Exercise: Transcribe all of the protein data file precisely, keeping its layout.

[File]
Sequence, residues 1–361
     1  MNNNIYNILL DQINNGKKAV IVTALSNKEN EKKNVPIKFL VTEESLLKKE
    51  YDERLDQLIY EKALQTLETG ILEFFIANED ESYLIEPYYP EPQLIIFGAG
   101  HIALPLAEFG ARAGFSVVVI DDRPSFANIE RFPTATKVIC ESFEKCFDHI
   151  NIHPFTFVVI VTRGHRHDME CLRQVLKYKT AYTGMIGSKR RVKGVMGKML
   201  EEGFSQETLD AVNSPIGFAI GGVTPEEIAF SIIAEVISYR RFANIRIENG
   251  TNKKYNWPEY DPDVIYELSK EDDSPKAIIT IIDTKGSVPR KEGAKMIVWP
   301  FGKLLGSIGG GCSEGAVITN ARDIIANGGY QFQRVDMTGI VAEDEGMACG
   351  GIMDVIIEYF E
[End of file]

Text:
Sequence, residues 1–361
     1  MNNNIYNILL DQINNGKKAV IVTALSNKEN EKKNVPIKFL VTEESLLKKE
    51  YDERLDQLIY EKALQTLETG ILEFFIANED ESYLIEPYYP EPQLIIFGAG
   101  HIALPLAEFG ARAGFSVVVI DDRPSFANIE RFPTATKVIC ESFEKCFDHI
   151  NIHPFTFVVI VTRGHRHDME CLRQVLKYKT AYTGMIGSKR RVKGVMGKML
   201  EEGFSQETLD AVNSPIGFAI GGVTPEEIAF SIIAEVISYR RFANIRIENG
   251  TNKKYNWPEY DPDVIYELSK EDDSPKAIIT IIDTKGSVPR KEGAKMIVWP
   301  FGKLLGSIGG GCSEGAVITN ARDIIANGGY QFQRVDMTGI VAEDEGMACG
   351  GIMDVIIEYF E